I chose to undertake the Laidlaw Scholarship because I understood it would be a great opportunity to research a topic that was important to me. Shedding light on the issue of poverty has been my passion since I started campaigning on the issue in my home town, South Tyneside, which has seen the impacts of the neglect of this issue. I hoped that by being able to add to the research field and understand poverty as something that is perpetuated by the way we talk about it, it would further the need to end poverty stigma. Moreover, I wanted research on child poverty to put young people in the centre to set a precedent of combining participation with stakeholders. I hoped I could make this the case in my research to encourage ethical, inclusive research with young people.
In the first summer, I successfully gathered data from online forums regarding how mums would discuss poverty stigmas. Although I was unable to get ethical clearance to research young people in a way I believed to be meaningful and appropriate, I still wished to include them in my project. Therefore, in the second summer, I decided to disseminate my research through a podcast. I decided in this podcast that I would speak to young people and professionals about their outlook on poverty in the context of their roles. The aim of the podcast is so that people without access to research papers or academic jargon can understand the outcomes of the research I did - that it is important to act on poverty in our communities. This starts with combating a harmful stigma that is perpetuated by both individuals and institutions.
The podcast has been well received and shared by all professionals and young people who participated in the podcasts. Conversations are currently taking place between myself and other charitable organisations such as Citizen UK and SASH on how we can further publicise the podcast and research. I will be presenting my research and the podcast at the International Conference on Poverty and Sustainable Development in Colombo, Sri Lanka in December 2019.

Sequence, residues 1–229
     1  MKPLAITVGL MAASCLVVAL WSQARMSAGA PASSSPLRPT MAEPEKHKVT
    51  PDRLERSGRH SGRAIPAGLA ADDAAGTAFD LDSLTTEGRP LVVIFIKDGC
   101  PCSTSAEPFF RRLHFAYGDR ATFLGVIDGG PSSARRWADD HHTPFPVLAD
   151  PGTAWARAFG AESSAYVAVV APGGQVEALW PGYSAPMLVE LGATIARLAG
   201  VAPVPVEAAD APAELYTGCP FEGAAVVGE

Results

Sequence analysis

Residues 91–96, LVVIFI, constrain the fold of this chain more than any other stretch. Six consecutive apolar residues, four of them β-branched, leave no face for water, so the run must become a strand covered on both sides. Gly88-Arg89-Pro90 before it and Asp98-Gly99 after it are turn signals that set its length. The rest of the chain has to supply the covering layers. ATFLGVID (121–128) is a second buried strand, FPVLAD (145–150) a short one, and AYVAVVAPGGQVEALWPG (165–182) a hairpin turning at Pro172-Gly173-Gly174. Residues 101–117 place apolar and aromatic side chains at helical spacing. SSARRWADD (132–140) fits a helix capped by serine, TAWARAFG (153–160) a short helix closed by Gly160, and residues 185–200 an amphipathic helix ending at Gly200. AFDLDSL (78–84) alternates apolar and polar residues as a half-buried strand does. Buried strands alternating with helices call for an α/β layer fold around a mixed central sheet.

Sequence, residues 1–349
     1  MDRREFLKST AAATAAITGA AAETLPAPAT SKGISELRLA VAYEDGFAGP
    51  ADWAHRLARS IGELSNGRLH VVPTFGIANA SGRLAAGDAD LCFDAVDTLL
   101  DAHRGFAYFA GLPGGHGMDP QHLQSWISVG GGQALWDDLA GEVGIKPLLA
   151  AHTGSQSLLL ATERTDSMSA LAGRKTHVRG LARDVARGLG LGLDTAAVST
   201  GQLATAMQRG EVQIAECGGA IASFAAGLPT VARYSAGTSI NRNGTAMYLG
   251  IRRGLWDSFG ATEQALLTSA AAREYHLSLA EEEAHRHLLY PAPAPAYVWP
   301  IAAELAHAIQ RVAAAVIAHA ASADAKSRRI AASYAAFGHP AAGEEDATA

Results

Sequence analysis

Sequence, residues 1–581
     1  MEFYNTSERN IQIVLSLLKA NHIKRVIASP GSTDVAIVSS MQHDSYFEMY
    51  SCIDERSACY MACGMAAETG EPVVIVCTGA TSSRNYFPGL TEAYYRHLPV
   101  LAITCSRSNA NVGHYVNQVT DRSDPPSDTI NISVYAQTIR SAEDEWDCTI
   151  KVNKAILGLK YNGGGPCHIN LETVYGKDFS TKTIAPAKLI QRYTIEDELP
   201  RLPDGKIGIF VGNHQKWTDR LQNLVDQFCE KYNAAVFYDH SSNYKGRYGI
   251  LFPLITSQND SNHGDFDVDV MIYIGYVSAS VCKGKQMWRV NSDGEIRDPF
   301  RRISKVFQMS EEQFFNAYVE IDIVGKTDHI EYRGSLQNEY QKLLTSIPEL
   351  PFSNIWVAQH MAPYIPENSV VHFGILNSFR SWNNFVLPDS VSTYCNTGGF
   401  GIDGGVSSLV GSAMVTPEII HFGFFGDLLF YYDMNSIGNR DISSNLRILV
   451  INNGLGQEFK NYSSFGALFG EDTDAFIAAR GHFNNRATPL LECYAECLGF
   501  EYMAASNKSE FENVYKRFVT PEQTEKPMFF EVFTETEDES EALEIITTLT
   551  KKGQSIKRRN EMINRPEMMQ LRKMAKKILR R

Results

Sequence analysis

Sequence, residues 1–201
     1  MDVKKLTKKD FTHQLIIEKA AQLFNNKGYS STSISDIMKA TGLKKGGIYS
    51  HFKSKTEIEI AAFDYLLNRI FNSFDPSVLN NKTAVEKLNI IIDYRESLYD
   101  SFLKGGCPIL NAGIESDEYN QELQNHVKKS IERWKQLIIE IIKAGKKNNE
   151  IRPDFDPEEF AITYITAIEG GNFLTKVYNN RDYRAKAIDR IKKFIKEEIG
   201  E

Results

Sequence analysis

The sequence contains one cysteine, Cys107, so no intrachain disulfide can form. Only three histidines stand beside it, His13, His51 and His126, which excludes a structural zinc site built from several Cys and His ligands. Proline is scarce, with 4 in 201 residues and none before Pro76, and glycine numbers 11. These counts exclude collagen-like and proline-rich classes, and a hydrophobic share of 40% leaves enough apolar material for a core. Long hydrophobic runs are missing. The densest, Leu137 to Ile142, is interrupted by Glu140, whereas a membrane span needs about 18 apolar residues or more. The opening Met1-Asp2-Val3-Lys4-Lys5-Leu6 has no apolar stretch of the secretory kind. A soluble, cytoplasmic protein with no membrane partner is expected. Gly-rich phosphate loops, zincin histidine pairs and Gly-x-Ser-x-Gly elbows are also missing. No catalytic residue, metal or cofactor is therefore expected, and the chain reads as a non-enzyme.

The Scholarship programme will support my future career through being able to connect me to key charities and organisations working on poverty in the UK. I have been able to meet key researchers in poverty research who have kindly offered to potentially facilitate a continuation of the research, which would be amazing. Although this is all unconfirmed, it is very encouraging for my future career that people have taken an interest in me and my research. I am particularly proud of the hard work and dedication that went into this research project and I think that will reflect well with any future employer. I can say with certainty that I have never worked so hard on a project and felt so happy doing so. I hope I will always remember the way this research project made me feel about myself and that I was capable of doing incredible things by myself.
I have recently submitted evidence to a House of Lords select committee on 'Food, Poverty, Health and the Environment'. This means that I have used my expertise on poverty, through this research project, to write my evidence and recommendations on food insecurity in the UK. I will receive correspondence about whether or not the Lords will publish this evidence in their final report which will be released in March 2020. In addition to this, there is a possibility I will be asked to submit oral evidence which would require me to speak in front of the committee live on parliament TV next year about my research. I will keep the Laidlaw team updated about these developments but I very much hope to have the opportunity to share my research with Parliament to contribute to national structural change.